DUBAI: Ever since the COVID-19 pandemic transformed the norms of working life almost overnight, the trend toward flexible contracts, self-employment and telecommuting has been gathering pace across a host of different sectors.
Many attribute this shift away from the traditional 9 to 5 model and the abrupt decline in workplace attendance to a widespread desire for greater autonomy, geographical mobility, and — above all — a better work-life balance.
In fact, two years of social distancing has left employees reluctant to return to the old ways of working, forcing employers to consider new, fully remote or hybrid models, requiring staff to attend in person for only part of the week.
At the same time, the pandemic has stimulated a growth in cross-border hiring, giving recruiters access to a far larger pool of high-quality talent while also creating a ready supply of freelancers and a segment of the workforce often referred to as digital nomads.
This transition was facilitated through the widespread adoption of online video communication platforms, which allowed face-to-face meetings to continue during lockdowns and travel bans, and which have remained popular ever since.
“The internet is enabling the creation of labor markets where geography doesn’t matter anymore,” Tarek Salam, head of Middle East and North Africa expansion at Deel, a payroll and compliance provider, told Arab News.
Indeed, flexibility and digitalization of work has created new opportunities for companies anywhere in the world to tap global talent. “Remote work has created a new wave of globalization,” said Salam.
“It’s democratizing access to high-paid opportunities across the globe, meaning that the modern professional can work from anywhere and still have access to a high-paying job in an intellectually stimulating work environment.”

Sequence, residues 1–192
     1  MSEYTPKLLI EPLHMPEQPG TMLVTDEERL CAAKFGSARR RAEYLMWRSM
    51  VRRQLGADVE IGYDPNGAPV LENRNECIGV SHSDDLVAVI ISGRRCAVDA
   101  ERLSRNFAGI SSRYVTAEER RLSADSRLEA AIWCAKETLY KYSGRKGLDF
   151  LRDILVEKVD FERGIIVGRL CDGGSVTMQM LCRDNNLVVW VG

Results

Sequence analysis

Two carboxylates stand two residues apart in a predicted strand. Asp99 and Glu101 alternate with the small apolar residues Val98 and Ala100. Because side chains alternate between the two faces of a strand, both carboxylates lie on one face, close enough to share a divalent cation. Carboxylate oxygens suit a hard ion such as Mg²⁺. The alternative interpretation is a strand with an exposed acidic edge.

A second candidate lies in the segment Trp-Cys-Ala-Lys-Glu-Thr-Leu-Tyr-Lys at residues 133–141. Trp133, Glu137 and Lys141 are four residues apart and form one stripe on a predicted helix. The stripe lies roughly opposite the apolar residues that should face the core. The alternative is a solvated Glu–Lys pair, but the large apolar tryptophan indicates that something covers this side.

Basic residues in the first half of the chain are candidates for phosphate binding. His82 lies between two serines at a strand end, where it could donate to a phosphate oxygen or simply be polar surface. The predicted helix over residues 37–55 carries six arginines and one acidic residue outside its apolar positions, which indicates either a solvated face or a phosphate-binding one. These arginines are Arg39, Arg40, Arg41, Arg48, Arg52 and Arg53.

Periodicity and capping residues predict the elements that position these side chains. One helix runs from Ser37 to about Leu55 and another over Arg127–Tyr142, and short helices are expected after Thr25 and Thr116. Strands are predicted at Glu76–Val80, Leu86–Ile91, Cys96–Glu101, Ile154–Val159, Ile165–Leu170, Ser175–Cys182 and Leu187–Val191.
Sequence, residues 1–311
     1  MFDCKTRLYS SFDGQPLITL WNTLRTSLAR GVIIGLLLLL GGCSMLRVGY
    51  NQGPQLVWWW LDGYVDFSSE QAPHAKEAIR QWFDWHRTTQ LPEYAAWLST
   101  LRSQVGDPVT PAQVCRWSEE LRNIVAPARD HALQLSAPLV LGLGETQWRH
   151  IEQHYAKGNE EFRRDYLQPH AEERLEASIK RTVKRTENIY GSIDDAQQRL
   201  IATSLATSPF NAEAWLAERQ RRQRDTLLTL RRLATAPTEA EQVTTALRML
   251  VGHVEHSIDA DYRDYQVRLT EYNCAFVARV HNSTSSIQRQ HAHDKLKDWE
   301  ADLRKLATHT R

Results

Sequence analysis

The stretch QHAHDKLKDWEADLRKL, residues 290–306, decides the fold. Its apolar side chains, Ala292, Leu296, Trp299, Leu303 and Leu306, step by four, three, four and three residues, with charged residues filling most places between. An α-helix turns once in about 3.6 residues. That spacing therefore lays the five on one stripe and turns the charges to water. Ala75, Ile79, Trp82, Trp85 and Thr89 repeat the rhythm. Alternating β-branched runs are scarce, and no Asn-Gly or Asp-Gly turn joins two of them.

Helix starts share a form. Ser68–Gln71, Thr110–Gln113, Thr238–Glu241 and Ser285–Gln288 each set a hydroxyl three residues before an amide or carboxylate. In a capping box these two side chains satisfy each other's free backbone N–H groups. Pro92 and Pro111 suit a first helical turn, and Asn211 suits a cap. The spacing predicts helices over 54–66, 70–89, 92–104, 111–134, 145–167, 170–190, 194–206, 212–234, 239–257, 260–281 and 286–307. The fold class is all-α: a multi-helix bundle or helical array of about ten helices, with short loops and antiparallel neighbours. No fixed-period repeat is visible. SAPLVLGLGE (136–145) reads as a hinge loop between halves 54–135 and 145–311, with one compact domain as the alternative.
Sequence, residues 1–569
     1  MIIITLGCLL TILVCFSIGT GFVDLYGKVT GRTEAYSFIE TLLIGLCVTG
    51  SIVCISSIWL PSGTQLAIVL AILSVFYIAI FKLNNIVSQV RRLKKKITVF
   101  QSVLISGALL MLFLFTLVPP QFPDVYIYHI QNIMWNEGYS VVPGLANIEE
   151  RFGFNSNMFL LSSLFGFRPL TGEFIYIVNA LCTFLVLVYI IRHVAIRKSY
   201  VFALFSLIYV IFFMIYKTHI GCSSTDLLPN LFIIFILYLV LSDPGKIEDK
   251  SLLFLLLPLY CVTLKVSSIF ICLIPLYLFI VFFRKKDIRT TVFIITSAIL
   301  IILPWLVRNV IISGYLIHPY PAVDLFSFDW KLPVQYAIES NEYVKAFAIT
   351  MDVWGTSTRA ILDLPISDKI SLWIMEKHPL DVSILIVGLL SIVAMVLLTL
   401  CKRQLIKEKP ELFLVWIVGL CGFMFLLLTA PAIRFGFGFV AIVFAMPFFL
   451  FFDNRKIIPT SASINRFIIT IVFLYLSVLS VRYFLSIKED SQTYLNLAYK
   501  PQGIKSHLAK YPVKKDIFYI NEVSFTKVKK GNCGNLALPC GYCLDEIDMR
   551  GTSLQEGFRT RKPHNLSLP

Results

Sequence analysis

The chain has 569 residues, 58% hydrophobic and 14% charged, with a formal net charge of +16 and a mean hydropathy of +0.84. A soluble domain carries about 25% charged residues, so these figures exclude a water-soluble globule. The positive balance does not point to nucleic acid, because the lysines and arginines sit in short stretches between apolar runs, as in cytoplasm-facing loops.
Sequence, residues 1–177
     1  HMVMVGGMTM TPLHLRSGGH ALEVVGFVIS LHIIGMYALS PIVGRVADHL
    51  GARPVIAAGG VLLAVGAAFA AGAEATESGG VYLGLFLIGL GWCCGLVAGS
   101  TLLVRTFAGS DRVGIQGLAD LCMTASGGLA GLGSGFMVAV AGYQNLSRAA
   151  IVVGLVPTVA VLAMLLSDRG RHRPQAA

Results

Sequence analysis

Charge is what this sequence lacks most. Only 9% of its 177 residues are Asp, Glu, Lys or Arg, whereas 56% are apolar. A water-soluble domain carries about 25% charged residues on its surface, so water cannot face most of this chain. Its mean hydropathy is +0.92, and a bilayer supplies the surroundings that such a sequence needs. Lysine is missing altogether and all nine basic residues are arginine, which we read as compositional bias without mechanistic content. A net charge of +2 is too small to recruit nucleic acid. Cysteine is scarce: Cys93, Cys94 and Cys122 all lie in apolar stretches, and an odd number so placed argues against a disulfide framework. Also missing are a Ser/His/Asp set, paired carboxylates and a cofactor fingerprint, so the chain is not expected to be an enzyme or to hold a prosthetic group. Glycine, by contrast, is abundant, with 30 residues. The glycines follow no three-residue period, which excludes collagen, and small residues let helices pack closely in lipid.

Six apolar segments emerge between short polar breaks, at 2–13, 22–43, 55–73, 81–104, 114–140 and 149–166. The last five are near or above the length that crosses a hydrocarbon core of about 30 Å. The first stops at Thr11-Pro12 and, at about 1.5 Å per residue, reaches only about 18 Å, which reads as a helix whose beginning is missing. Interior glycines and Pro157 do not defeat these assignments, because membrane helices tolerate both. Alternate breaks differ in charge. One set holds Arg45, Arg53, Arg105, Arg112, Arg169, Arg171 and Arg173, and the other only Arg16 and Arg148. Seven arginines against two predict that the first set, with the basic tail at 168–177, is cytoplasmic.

While it is hard to accurately measure the size of this new workforce, industry studies suggest there could be as many as 1.56 billion freelancers worldwide, making up a global market worth $1.5 trillion with a compound annual growth rate (CAGR) of 15 percent.
In the Middle East, the trend is on a similar upward trend, with international firms tapping skilled workers based in the region and Middle Eastern companies likewise hiring remote staff overseas.
“Middle East-based talent has been in high demand from companies based in the US, the UK and Canada, with remote hires at least doubling compared to the same period last year,” said Salam.
A 2022 study by the recruitment website Bayt surveyed 1,764 people in more than 20 countries across the Middle East and North Africa about freelancing trends. It found that 70 percent of MENA employers planned to hire freelancers and about 78 percent of workers intended to do more freelancing in 2022.
The study also showed the fastest-growing industries for freelancers are digital marketing (37 percent) and information technology (20 percent).
To help risk-taking entrants succeed, regional governments and private firms have taken steps to make freelancing both a sustainable career for professionals and an attractive resource for employers.
Najlaa Yousef Safdar, digital development manager at Nafisa Shams, a department under the philanthropic organization Community Jameel Saudi, believes freelancing is a financially viable option for those who want to explore other professional goals.
“This means they can explore a new career, without compromising financial stability,” she told Arab News. “It also means that earning additional income from a hobby or interest becomes a viable option.”
The Saudi government has launched a self-employment program to help workers and budding entrepreneurs realize their ambitions. “To date, the numbers are indicative of great success,” said Safdar.
In a recent statement, Ahmed Al-Rajhi, the Saudi minister of human resources and social development, said a total of 1.85 million freelance work documents have been issued covering 225 professions, distributed over 13 categories and 120 sub-activities.